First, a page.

Quarterly Compliance Newsletter 3-24-2023

Anti-Kickback Statute
This federal criminal statute prohibits the exchange of anything of value to induce the referral of business reimbursable by federal health care programs. Examples of prohibited kickbacks include receiving financial incentives for referrals, free or very low rent for office space, or excessive compensation for medical directorships. In 2022, the Department of Justice’s (DOJ) enforcement matters heavily concentrated on Anti-Kickback violations and new trends in enforcement have appeared. Below is a quick synopsis of some of those cases, and a good reminder to providers of what a violation of this statute looks like in practice.

• An electronic health record (EHR) technology vendor, ModMed, settled False Claims Act allegations for $45 million. The premise of the violations were that ModMed accepted and provided kickbacks by causing its users to report inaccurate information in connection with federal EHR incentive payments. It was alleged that ModMed was paid a kickback by a pathology laboratory in exchange for an exclusive agreement to develop “enhanced features” into its EHR platform that would drive physician pathology orders to that specific pathology lab.
• The DOJ’s use of the Anti-Kickback Statute continues to be a key enforcement tool in an increasingly broad array of contexts. For example, in September, a manufacturer of durable
medical equipment resolved allegations that it violated the AKS by giving physician prescribing data to DME suppliers free of charge to assist their marketing efforts to physicians.
• An MSO organization and two of its officers agreed to resolve False Claims Act allegations for $24.5 million. The DOJ alleged that the MSO violated the Stark law and caused the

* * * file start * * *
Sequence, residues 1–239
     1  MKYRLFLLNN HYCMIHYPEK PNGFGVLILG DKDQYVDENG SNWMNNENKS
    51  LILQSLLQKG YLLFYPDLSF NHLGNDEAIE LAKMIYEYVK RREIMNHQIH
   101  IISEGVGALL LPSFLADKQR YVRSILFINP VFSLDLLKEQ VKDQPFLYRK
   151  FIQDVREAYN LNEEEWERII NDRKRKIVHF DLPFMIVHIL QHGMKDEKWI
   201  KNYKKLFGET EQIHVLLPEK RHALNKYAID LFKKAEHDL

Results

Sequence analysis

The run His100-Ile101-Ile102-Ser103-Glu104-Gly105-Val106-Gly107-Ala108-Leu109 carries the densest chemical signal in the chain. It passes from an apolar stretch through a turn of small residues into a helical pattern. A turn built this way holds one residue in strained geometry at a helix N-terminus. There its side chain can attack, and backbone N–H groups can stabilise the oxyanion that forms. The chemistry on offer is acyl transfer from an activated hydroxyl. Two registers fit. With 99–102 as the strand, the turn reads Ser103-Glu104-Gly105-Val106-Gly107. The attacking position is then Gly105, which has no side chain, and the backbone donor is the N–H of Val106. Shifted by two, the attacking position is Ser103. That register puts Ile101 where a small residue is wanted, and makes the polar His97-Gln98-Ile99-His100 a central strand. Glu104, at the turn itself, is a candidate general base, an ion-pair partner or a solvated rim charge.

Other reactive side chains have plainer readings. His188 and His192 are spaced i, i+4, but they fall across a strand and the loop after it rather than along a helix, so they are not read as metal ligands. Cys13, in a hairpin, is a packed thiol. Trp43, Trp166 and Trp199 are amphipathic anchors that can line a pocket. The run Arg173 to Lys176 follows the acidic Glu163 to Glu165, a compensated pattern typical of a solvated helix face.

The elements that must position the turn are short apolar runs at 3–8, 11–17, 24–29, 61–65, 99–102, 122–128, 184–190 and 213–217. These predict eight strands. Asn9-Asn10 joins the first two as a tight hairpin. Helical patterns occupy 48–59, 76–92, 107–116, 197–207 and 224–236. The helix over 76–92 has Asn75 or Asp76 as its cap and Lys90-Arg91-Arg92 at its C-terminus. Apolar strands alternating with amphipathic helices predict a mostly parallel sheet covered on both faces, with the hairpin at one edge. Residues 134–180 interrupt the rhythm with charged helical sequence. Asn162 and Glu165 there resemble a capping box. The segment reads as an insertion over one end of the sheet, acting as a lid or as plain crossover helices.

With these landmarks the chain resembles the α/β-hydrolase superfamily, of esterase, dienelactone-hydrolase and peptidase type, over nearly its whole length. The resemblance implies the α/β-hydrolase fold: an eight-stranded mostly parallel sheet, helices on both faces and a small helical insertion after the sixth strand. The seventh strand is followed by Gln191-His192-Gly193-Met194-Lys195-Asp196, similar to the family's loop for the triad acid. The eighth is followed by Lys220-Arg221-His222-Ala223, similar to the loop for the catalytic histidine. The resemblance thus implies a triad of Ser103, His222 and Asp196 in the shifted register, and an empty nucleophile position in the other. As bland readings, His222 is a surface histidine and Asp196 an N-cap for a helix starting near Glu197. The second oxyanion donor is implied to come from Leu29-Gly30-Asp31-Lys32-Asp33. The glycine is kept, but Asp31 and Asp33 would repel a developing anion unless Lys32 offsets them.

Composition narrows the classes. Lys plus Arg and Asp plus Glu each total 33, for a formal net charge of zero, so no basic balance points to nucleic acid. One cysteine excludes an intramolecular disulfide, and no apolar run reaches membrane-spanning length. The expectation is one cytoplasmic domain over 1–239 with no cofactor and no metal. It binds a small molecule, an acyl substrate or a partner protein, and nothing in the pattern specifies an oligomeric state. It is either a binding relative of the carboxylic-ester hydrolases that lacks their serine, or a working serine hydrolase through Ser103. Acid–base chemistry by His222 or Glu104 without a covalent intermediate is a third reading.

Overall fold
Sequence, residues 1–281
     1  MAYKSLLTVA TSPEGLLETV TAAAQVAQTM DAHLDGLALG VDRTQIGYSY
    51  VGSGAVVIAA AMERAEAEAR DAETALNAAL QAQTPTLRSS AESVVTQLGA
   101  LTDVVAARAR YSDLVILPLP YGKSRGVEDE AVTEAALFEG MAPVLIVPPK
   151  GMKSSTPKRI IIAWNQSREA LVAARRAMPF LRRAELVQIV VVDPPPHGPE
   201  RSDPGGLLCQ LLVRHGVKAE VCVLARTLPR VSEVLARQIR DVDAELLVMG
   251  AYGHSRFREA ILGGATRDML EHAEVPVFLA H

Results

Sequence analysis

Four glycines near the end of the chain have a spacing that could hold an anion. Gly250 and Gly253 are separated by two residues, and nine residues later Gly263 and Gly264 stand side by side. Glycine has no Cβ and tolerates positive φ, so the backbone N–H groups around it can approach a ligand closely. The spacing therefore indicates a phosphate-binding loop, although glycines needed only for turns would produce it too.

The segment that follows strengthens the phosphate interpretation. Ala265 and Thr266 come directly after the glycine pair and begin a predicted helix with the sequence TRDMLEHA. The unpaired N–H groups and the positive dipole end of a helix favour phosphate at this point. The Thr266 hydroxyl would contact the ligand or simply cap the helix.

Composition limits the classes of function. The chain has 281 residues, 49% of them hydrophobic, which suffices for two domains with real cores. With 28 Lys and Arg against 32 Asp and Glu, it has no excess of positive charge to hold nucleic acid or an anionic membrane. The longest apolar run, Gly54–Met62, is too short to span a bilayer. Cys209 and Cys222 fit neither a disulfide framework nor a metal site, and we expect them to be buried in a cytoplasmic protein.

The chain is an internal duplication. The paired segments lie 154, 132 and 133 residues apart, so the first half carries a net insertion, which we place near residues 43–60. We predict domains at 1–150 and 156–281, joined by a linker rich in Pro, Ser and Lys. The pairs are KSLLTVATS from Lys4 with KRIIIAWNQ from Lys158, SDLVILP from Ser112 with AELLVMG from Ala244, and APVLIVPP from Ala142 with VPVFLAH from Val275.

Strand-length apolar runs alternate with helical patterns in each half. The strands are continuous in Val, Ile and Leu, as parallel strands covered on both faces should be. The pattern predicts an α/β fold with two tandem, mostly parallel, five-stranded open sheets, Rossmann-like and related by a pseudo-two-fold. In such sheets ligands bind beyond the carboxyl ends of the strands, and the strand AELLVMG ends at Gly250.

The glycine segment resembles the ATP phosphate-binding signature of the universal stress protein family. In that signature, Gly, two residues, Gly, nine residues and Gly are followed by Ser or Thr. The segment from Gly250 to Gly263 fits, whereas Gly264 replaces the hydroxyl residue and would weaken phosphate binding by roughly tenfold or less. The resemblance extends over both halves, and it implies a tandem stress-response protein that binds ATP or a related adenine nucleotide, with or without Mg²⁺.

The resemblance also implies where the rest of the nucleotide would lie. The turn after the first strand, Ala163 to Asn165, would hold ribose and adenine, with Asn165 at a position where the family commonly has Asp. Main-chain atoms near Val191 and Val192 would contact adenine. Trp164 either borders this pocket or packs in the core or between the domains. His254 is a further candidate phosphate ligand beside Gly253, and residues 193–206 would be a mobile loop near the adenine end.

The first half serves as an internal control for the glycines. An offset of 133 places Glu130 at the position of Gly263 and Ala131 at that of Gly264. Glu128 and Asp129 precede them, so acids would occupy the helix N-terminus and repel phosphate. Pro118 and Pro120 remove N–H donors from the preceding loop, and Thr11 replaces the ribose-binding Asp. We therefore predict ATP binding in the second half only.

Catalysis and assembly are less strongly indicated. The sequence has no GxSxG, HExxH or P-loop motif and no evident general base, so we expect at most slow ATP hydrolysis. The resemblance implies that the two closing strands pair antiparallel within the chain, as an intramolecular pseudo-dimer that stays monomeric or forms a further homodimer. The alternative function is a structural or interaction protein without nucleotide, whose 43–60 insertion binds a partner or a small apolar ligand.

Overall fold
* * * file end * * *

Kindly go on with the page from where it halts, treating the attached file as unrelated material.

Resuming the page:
submission of claims for medically unnecessary urine drug testing by, among other things, paying physicians affiliated with the MSO 40% of the profits from UDS tests referred to
the laboratory owned by the MSO.
• Focusing on services rendered by offshore personnel, a cardiac monitoring company paid $44.8 million to resolve False Claims Act allegations. The government alleged CardioNet entered into an agreement with a company located in India pursuant to which the offshore company provided diagnostic and analytic services of heart monitoring data. While a workflow was designed to route the tests of Medicare patients to technicians associated with a domestic entity for review, many tests were diverted to the Indian company when domestic workflows became backlogged. Moreover, the government alleged that many of the technicians were not licensed or certified to perform the subject monitoring.
• Genetic testing remains a hot target, as two multi-million-dollar settlements were announced by the DOJ related to medically unnecessary genetic testing. The University of California paid $2.98 million to resolve allegations that it ordered medically unnecessary genetic testing performed by a third-party laboratory. In addition, Metric Lab Services and two of its owners paid $5.7 million to resolve allegations that they paid kickbacks in return for genetic testing samples. In order to conceal the nature of the kickback arrangement, the companies entered into sham agreements with marketers to provide various consulting and marketing services.

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